Preservation, Ride Across Indiana, Road Trips

Grand old houses along Indiana’s National Road

One reason I wanted to bicycle across Indiana was because when I drive it in my car, I whiz by things too fast to notice them. Even when I do notice them, frequently there’s no place to put the car so I can stop and photograph it. A bicycle stows neatly on even the narrowest shoulder.

The National Road is one of Indiana’s oldest roads, originally built in the 1830s. It opened travel into what was then considered the West from the East. As such, people settled on it. A number of homes from the 1800s still stand on the National Road all the way across Indiana. Here are a bunch of them. Each photo is geotagged on Flickr; click the photo to see it there and to access Flickr’s map.

You’ll find this beauty just west of Richmond.

Old house, US 40, west of Richmond

This house is across the street and slightly west of the one above.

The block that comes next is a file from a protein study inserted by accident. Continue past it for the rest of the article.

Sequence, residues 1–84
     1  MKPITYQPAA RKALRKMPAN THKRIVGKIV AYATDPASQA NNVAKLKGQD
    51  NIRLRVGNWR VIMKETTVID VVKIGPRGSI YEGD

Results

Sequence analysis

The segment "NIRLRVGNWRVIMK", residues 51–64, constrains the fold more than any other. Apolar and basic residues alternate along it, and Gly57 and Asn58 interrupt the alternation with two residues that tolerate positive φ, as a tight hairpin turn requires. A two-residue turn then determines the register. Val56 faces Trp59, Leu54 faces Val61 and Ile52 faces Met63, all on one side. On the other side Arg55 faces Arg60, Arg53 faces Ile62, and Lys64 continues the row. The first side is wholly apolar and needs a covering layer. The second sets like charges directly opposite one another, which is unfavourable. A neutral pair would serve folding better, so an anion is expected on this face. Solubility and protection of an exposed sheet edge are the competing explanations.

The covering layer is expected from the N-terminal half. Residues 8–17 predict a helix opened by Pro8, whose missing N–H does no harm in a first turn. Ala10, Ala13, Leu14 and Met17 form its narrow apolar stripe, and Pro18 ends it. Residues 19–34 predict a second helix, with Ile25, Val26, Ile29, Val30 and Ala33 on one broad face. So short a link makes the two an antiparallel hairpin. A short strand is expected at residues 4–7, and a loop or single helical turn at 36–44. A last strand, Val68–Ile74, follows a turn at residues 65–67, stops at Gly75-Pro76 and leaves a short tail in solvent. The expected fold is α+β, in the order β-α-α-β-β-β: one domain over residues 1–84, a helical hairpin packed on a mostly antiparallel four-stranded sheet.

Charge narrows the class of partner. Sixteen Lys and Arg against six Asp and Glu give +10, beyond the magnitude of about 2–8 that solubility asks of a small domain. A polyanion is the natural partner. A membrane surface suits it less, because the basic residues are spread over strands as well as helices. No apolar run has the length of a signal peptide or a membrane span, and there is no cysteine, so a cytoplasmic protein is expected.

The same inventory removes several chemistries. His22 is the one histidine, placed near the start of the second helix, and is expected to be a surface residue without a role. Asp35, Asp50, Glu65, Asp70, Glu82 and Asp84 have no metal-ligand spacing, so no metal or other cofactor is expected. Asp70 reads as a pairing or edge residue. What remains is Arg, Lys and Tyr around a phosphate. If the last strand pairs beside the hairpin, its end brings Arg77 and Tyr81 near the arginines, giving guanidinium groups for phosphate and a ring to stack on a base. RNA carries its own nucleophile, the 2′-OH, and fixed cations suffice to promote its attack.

Old house, US 40, west of Richmond

This house, a former inn, is on the east side of Centerville.

The Mansion House, Centerville

These two old brick houses are in the same block as the house above.


This large frame house is on the west edge of Centerville.


I found this sturdy brick house in East Germantown, in Wayne County.

Brick house, US 40

This incredible beauty is on the east side of Cambridge City.

Cambridge City

This is the Huddleston Farmhouse, which I toured some years ago and blogged about here and here. Those shutters need some maintenance.

Huddleston Farmhouse

This looks like two adjacent structures to me. They’re commercial businesses now, but I’ll bet they were originally residences. They’re in Dublin.

Dublin, IN

This house is also in Dublin. It looks newer than any of the others I’ve shared so far, late 1800s or even very early 1900s.

Dublin, IN

This old house is at the main crossroads in Lewisville.


You’ll find this house on the original National Road alignment west of Dunreith.